[swift-evolution] [Pitch] Rename protocol<> to Any<>

Matthew Johnson matthew at anandabits.com
Fri May 20 21:59:27 CDT 2016

> On May 20, 2016, at 9:10 PM, Austin Zheng <austinzheng at gmail.com> wrote:
> (Trying to move the conversation back to this thread to un-hijack Adrian's thread.)
> In terms of Any<> vs any<>, I don't have any strong feelings and I think there are good arguments on both sides. I'm going to leave the proposal as Any<> but put a section in the 'Alternatives' discussing Any<> vs any<>, so that if it does go up for review the core team can review arguments and maybe choose one they like.

Thanks for the summary.  I think this is helpful.  

> Any<> pros:
> - The convention is to capitalize types. 'Any<A, B>' is immediately apparent as a type, and looks like a type when used in places where types would be used (like function signatures)
> - Having 'Any<>' allows us to keep the well-established 'Any' without having to typealias to 'any' or 'any<>’ forms

How so?  you can’t just use `protocol` naked today.  You have to say `protocol<>`.  `Any` is a typealias for that.  This means we either have a typealias, we type out `Any<>` or we type out `any<>`.  We don’t get to just type `Any` or `any` without a typealias just because we change the keyword.

And I do agree that typealias for existentials should be capitalized.  These are types and behave identically to any other type.

> - any is a keyword, but an argument can be made that keywords that fit into a particular syntactic slot should be capitalized like normal members of that slot. Any<> fits into the slot of types, so it should be named like a type
> - In the future, AnySequence and friends can be replaced with, e.g. Any<Sequence>.
> This increases discoverability of existential features, like a future "Any<Sequence where .Element == Int>". A number of developers have mentioned that they suspect protocol<> is rarely used, although GitHub's search makes it impossible to quantify.

If protocol<> is rarely used it is probably because it is a very limited feature at this point.  It becomes extremely useful when we can constrain associated types.  

When that is possible and the community shares knowledge about how to use it it will become a widely used feature.  I don’t think upper / lower case or `typealias AnySequnce<T> = Any<Sequence where .Element == T>` will make much difference either way.

> any<> pros:
> - any<>'s lower case 'a' distinguishes it from other generic types that use similar syntax, such as "Array<Int>". Perhaps developers, especially those new to Swift, will be confused as to why "Any<A, B>" isn't a generic type, but "Dictionary<A, B>" is.

The reason this is important is that generic types can be used in ways that Any cannot.  Thus the likely point of confusion is why the following is not valid:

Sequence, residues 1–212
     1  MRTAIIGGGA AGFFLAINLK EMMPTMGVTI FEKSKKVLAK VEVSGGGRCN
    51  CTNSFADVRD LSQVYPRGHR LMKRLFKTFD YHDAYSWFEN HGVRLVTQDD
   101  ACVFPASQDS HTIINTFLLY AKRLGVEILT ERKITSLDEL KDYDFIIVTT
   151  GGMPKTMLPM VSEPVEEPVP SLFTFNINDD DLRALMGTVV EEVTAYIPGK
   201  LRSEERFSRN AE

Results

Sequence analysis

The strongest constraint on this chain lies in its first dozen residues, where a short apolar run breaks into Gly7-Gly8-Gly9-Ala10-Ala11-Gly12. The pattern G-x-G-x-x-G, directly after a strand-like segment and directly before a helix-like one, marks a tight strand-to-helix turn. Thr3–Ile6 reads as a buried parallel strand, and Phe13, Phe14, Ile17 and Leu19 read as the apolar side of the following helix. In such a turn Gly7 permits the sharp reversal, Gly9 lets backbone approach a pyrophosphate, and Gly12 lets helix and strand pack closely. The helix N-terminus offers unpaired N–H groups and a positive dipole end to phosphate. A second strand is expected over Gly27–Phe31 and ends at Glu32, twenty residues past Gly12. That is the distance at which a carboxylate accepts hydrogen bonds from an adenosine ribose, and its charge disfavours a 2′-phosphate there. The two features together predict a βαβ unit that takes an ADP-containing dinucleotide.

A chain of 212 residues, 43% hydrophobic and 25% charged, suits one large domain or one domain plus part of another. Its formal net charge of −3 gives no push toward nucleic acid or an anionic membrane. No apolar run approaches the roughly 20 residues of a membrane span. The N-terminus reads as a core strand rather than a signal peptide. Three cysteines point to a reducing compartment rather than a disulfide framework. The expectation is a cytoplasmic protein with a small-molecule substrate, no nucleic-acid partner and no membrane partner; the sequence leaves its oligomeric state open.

struct Foo<T, U> {
    func foo(bar: Any<T, U>) { ... }

If we use lowercase it gives the user a hint as to why they might not be able to use it in all of the same ways as a generic type, especially because Swift is developing strong and consistent conventions for keywords.  If we use uppercase here, not only do we introduce potential confusion in this case, we also water down the meaning of those conventions and make the language slightly less predictable. (i.e. users might wonder: are there other uppercase generic-type-like constructs that don’t quite behave like normal generic types?)

> New developers aside, it may be jarring to have to mentally 'context switch' between Any<A, B> as an existential, and AnythingButAny<A, B> as a generic type.
> - any's lower case 'a' makes it clear to users it's not a 'normal' type, but rather a construction that can be used as a type in some cases, and can't be used everywhere a concrete type can.

Existential types can be used anywhere concrete types can.  The difference is that Any as a type constructor behaves much differently than other type constructors (generic structs, enums, and classes).  

> - 'any' isn't a specific type - it's a kind of type (an existential), and this spelling fits better with the other 'kind' names: 'class', 'struct', 'enum', 'protocol'
> - any is a keyword, and keywords are lower case. Perhaps consistency in this matter is more important.
> Any other thoughts? I will submit an amendment tonight if people are okay with this.

I have one additional thought.  Brent’s rule is based on *exempting* keywords from the usual rule of lowercase.  IMO that exemption should be reserved for cases where the keyword in question can be used in all of the same was that the similar syntactic form can be used.  I believe the fact that this is not the case for Any is a strong argument to preclude it from receiving the exemption.

To be perfectly honest, I do prefer `Any` from an aesthetic / readability standpoint.  But I also think the consistency and usability arguments point in the other direction.

When all has been decided I will happily use whatever is decide in my own code.  :-)

> Austin
>> On May 18, 2016, at 10:35 PM, Austin Zheng <austinzheng at gmail.com <mailto:austinzheng at gmail.com>> wrote:
>> Hello all,
>> Swift 3.0 focuses on making breaking changes that prepare the way for features to be introduced in future releases. In that spirit, I would like to solicit feedback on a very simple proposal: renaming 'protocol<>' to 'Any<>', as described in the 'Completing Generics' manifesto.
>> The proposal can be found here: https://github.com/austinzheng/swift-evolution/blob/az-protocol-to-any/proposals/XXXX-any-as-existential.md <https://github.com/austinzheng/swift-evolution/blob/az-protocol-to-any/proposals/XXXX-any-as-existential.md>
>> Best,
>> Austin

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